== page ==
In spite of his era's cultural barriers, Willie Daniels' life unites diverse groups within today's art world with rich landscapes and signature gnarly oaks. Though more prominently known as one of 26 recognized "Highwaymen Artists" of Fort Pierce, Florida, Willie Daniels Paintings convey the heart of one. The Highwaymen was an association of young African-American artists who painted Florida landscape in 1950s.
Quietly emerging from garage sales and dusty corners into galleries, Willie Daniels paintings invite people into the world of an African American man making his way through layers of racism wreckage. Daniels was a day laborer in Fort Pierce hot citrus groves, enduring a community where division by race was still painfully restricting. But from fields and packing houses, his life took a colorful turn in the late 1950s. Daniels' days blurred into fruitful evenings wielding a quickly moving paintbrush, he learned oil painting on Upson board. This roofing material, now obsolete, was the best economical material for Daniels' limited budget as well as for other Highwaymen. You can see in Willie Daniels paintings as his art evolved vividly from A.E. Backus' style of oil painting, learning along with his brother, Johnny Daniels.
Willie Daniels' authentic style formed in a rush to make many paintings for financial gain. The hurried painter with unhindered approach, freely and richly moving palette knives and brush strokes bypassed the norm, breathing life into a world dominated by tradition. The artistic flair and friendships with fellow artists opened doors to buyers along with sheer effort. Seeking to earn more income, these Highwaymen artists blazed an arduous trail along Florida's highways and businesses, selling their works for as low as $25.00 a piece.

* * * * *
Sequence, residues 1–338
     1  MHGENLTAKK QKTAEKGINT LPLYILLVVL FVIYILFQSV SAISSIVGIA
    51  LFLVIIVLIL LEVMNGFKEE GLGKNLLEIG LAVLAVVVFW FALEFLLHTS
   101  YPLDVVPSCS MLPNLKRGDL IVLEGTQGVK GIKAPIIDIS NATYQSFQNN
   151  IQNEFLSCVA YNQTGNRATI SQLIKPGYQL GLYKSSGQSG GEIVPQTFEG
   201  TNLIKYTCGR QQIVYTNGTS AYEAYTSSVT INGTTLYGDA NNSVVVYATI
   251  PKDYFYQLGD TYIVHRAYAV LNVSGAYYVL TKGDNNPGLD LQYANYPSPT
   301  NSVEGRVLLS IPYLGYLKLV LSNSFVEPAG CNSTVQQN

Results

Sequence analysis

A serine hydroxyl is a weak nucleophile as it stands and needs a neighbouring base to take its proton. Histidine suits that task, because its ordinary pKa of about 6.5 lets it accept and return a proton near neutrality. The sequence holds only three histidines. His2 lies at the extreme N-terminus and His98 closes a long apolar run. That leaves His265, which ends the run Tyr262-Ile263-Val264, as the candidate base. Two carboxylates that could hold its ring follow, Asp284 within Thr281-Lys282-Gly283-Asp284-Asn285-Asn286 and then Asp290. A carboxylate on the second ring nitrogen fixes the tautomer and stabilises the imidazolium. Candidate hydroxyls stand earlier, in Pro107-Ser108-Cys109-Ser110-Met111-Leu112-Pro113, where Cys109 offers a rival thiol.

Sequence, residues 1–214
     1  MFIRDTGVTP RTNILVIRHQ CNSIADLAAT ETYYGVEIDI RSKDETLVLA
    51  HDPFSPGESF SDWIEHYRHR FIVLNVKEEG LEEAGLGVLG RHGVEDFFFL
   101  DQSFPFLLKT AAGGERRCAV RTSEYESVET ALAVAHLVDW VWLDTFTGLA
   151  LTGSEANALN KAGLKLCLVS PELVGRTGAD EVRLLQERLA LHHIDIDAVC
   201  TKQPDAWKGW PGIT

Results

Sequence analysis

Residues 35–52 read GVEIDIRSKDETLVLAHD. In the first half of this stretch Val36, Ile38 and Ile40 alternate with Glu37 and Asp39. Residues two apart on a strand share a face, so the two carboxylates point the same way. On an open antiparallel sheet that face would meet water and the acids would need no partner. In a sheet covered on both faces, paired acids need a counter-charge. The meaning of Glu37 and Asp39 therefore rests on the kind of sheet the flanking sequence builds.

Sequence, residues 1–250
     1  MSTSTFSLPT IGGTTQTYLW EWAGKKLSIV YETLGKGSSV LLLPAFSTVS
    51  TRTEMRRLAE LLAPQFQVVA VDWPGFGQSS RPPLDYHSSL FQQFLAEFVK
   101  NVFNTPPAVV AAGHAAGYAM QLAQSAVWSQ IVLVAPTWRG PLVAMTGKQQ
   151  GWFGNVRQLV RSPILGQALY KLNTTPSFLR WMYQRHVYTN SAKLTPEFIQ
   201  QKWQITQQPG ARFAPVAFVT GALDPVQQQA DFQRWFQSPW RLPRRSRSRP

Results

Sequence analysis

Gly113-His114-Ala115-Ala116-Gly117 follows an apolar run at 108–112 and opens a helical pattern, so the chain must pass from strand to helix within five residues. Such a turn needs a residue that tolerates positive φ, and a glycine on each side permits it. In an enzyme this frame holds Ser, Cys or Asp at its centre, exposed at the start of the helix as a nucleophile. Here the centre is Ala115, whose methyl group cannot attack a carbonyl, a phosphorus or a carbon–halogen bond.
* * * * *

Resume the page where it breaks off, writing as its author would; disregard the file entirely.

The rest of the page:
As a result, Willie Daniels paintings became part of a collection in great demand during the late 50s and 60s, sometimes signed by fellow artists just to satisfy customers preferring any one particular artist. The popularity of Willie Daniels paintings faded in the 70s to be rekindled in the 90s by interest in "outsider art". Some stories indicate Daniels became a truck driver and is re-focusing on tropical landscapes.
Willie Daniels paintings, with their classic nail-etched "W. Daniels" decree, paint their own image of an evolving scene of unity within the art world, calling the elite and the outsiders together in appreciation for the resilience of soul.